Today the vast majority of our leaders are following this quasi-socialist, spend the country back to prosperity, road. Most Republicans and Democrats, share a tacit bi-partisan prejudice in favor of bigger government. They believe fiscal and monetary policies can artificially create “quasi booms,” the language of Keynes.

The economist dense writings are rarely read by our rulers. Yet his influence is felt more than 75 years after his death. This is ironic. Keynes famously wrote, “Practical men, who believe themselves to be quite exempt from any intellectual influences, are usually the slaves of some defunct economist.”

Many of our career politicians, few of whom have ever studied Keynes, insist the way out of this economic disaster is more of the same.
They insist that the government, which caused our problems in the first place, must think and spend “big.”

12) More than Economics

FDR’s questionable big spending policies, which didn’t cure the Great Depression are also now advocated as a “way to re-structure” our nation. Left unsaid by many of our popular politicians: This is another way of quietly giving Americans a “socialism without doctrines.”

These self-destructive policies also ignore history.

And since most of our leaders are oblivious to the blessings of liberty; they disdain, or perhaps have never heard of, our commonsense libertarian heritage. They advocate dysfunctional economic policies. These policies don’t create prosperity yet they are often politically popular when pushed by some politicians. This explains why FDR, despite flawed economic policies that never pulled America out of a depression and restored the strong economy of most of the 1920s, was re-elected three times and is revered by millions of Americans as the man who supposedly saved America.

Yet FDR’s policies cripple Americans today. They will hurt our country even more tomorrow because they ignore basic economic principles. The more money government takes out of peoples’ pockets, the more money that is taking out of production—savings and investment—the more difficult it is for the economy to grow. It is more than economics. It is philosophy. But it is an economics and philosophy that many Americans have forgotten or never heard.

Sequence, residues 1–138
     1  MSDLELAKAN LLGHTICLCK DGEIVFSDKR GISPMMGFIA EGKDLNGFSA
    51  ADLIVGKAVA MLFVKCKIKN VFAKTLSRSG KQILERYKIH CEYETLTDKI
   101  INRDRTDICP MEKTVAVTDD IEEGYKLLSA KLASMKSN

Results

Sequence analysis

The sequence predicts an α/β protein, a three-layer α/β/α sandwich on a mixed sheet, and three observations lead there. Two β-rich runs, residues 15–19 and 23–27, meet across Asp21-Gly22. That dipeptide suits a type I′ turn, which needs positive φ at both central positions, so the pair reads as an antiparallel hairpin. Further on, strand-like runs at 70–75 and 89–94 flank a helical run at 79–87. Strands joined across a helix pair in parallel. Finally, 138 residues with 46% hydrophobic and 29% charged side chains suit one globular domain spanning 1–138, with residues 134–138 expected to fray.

13) Economics and History 101

When the government spends more, it takes away more of our economic liberty. It creates long term misery.

When it spends less, a lot less, it engages in a kind of Gladstonian thrift. Then we not only have more liberty and keep more of our hard-earned dollars, we prosper.

This seems like a ridiculously simple idea. Yet it is the opposite of a once bi-partisan economic policy that over generations was the standard for escaping economic woes. Today’s Keynesianism—and Keynes was contemptuous of Gladstonian thrift and middle-class values just as today’s collectivists often demean middle class values—ignores or denigrates the Anglo-American classical liberal traditions.

W.E. Gladstone, a British 19th century prime minister and chancellor of the exchequer, argued state spending and various government schemes would not save the citizen. He once aimed to abolish the income tax because it was suspicious of the power of governments.

“Of one thing I am, and am always been convinced—it is not by the State that man can be regenerated and the terrible woes of this darkened world effectually dealt with,” he said.

Gladstone, much to his credit, quit his last ministry in 1894 because he opposed “constructionism” (socialism), big increases in military spending and was frustrated that parliament would not grant home rule to Ireland.